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Women's History Month, Next Chapter
Women Making History in the Second Half of Life
To celebrate Women’s History Month last year, I wrote about some women from the past who made history by doing amazing things in later life. This year I’d like to take a look at some superwomen over 50 who are making history right now.
First, let’s look at some of the women who have won the Purpose Prize, a prize awarded to several individuals over 60 each year for making extraordinary contributions in their encore careers. Note: these are just a few of a cadre of dozens of wonderful women, as well as magnificent men who have won the Prize!
When Judith Broder, a psychiatrist, realized the full extent to which mental anguish is disrupting the lives of veterans returning from Iraq and Afghanistan, she created The Soldiers Project to support free, confidential, unlimited therapy to the veterans and their families. Watch on YouTube
Ann Higdon's own difficult youth gave her the passion and insight to help high school dropouts earn their diplomas and create beautiful possibilities for their future, via charter schools and training programs leading to certification. Watch on YouTube
Conchy Bretos developed a project to bring assisted-living services to older adults living in public housing so they could remain in their own homes, receiving just the
services they need. Watch on YouTube
Wilma Melville founded the National Disaster Search Dog Foundation, which provides training for abandoned dogs to become FEMA-certified to search for survivors after disasters, then pairs the dogs with firefighters. Watch on YouTube
I’ve also come across some groups of phenomenal females who have banded together to accomplish great things:
Grandmothers to Grandmothers. Over 220 groups of grandmothers across Canada have joined in solidarity with grandmothers who are raising grandchildren with HIV/AIDS from 15 countries in sub-Saharan Africa. They have raised more than $6 million which is sent to community-level African organizations to support the basic needs of the grandchildren.
Great Old Broads for Wilderness. Begun in Durango, Colorado in 1989 (the 25th anniversary of The Wilderness Act) this group works to preserve and advocate for wilderness. Though they have since opened the door to men and younger women—whom they refer to as “broads-in-training”—the group was started by older women, who still form the bulk of the membership.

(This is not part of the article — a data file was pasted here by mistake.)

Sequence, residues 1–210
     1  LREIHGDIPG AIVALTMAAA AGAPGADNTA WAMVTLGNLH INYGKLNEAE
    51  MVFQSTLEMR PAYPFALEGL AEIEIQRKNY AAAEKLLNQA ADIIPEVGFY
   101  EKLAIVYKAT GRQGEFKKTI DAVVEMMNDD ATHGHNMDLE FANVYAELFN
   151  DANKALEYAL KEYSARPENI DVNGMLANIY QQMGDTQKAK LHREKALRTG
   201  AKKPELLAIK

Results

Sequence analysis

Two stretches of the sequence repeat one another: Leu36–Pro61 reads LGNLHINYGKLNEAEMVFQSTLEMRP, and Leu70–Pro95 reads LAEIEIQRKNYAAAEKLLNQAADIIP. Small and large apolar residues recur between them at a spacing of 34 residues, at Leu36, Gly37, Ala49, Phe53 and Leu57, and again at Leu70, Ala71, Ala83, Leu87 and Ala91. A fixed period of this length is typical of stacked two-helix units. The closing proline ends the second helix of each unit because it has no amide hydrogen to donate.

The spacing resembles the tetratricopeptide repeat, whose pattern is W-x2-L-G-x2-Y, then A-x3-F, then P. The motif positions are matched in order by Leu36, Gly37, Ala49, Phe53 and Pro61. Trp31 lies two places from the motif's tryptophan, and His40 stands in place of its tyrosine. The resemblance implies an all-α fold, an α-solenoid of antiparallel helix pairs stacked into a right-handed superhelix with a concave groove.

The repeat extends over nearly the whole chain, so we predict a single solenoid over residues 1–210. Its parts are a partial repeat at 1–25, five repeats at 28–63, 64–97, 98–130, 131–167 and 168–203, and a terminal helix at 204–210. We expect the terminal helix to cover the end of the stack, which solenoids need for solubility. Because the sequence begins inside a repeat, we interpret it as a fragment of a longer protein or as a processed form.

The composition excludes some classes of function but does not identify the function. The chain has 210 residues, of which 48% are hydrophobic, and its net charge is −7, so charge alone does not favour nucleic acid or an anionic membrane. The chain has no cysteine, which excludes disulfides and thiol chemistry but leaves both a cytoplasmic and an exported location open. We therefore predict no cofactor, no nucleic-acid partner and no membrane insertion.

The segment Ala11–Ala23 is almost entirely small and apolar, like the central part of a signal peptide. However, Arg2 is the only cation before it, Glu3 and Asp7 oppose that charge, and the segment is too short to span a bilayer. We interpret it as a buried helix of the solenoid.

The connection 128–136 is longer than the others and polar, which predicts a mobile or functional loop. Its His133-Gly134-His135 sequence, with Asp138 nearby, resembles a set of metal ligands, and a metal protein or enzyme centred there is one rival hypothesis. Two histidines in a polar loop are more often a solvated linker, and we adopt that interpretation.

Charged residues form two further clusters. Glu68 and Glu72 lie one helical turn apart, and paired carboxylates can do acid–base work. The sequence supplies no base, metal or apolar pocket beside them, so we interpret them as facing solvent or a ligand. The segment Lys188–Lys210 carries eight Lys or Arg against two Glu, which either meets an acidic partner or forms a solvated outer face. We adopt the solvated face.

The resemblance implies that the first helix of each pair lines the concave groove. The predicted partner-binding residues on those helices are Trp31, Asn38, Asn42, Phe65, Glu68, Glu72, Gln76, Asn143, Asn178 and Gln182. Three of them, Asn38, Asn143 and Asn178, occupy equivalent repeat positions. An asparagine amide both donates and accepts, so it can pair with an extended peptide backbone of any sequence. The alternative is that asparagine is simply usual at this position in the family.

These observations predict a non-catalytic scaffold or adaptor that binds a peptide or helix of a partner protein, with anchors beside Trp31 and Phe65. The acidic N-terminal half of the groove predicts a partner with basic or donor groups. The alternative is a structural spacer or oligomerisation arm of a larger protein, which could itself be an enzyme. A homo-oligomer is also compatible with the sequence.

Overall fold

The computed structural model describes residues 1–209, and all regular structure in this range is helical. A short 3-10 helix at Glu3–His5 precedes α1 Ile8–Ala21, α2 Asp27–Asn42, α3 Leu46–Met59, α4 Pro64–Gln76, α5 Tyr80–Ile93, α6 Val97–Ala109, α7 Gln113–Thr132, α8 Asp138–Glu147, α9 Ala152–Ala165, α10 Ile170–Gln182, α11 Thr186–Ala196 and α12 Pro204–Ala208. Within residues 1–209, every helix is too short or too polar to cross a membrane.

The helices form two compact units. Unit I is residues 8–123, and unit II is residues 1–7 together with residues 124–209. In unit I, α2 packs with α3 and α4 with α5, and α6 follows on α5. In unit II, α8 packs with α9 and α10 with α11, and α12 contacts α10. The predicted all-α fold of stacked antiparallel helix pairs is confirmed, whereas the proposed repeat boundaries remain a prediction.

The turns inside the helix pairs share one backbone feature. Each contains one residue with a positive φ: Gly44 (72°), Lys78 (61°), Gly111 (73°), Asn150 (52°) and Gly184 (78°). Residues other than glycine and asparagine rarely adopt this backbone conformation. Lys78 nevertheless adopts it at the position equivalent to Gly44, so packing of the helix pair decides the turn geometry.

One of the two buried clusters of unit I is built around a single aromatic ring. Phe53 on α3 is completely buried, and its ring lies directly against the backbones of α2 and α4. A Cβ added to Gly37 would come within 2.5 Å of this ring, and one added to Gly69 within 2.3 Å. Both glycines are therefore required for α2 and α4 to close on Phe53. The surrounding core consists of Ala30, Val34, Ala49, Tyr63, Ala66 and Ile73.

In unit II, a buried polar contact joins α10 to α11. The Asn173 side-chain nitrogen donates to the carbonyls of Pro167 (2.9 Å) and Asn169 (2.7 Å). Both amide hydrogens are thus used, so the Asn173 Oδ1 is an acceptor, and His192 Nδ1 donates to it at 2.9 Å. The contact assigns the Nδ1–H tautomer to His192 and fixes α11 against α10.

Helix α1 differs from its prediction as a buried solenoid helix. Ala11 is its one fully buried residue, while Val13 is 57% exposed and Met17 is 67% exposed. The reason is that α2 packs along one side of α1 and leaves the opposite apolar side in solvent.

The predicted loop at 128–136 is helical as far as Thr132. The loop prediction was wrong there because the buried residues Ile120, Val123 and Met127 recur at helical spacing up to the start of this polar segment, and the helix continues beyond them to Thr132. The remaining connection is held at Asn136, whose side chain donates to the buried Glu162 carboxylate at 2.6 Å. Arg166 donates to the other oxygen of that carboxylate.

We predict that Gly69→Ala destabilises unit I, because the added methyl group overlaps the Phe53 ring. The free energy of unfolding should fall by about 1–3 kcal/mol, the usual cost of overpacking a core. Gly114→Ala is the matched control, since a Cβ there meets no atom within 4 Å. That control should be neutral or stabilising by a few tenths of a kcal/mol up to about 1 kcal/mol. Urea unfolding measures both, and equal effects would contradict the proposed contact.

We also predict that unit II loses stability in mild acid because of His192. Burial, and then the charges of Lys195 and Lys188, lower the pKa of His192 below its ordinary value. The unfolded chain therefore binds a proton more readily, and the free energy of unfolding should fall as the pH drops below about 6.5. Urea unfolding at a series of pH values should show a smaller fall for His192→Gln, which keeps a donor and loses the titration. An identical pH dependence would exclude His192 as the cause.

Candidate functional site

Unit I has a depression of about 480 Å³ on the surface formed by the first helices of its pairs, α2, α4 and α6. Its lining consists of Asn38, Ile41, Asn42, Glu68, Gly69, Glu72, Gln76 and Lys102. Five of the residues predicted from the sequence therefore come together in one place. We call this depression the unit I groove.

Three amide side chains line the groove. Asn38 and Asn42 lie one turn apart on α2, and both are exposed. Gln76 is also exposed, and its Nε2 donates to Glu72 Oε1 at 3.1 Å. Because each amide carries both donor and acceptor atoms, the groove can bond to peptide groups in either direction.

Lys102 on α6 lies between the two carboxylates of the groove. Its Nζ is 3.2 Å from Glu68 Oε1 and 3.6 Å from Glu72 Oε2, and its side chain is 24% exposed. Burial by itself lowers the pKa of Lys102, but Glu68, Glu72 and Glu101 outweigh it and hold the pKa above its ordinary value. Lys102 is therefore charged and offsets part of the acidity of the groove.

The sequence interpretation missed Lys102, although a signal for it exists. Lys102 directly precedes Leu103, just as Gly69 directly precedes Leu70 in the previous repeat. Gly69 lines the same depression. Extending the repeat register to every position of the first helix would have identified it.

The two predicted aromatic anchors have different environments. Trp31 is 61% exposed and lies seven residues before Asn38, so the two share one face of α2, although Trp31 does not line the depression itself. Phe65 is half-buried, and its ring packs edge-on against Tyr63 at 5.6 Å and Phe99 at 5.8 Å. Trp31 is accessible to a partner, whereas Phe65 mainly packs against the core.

Raging Grannies. Founded in Victoria, British Columbia in 1987, the Raging Grannies are activists who spread their messages by gathering in retro-granny clothing and singing songs with rewritten lyrics, put to familiar tunes. They have expanded throughout Canada and the U.S. and many other countries; each group is autonomous but the gaggles (I did not make this up) recognize their sisterhood in the Action League of Raging Grannies. Take a look at some of their songs in The Raging Grannies: Wild Hats, Cheeky Songs, and Witty Actions for a Better World.
Granny Peace Brigade. These are New York grannies, along with friends, family members, and others of like mind, who protest for peace. Check out their YouTube channel.
Last, but certainly not least, I’d like to pay tribute to the intrepid Doris "Granny D" Haddock, late of Dublin, NH. After hearing Granny D’s incessant complaining about politics, her friends finally said to her, why don't you do something about it? She did. Between the ages of 88 and 90, she walked 3,200 miles across the country to raise awareness of campaign finance reform. She died March 9, 2010 at age 100. Read her book Granny D and see the film Run, Granny, Run.
By the way, the now-disparaging word crone once referred to elder women who were the leaders, healers and respected wise women within a community. I won’t take the liberty of referring to the women I spoke of above by that term, but I suspect many of them would fit that definition!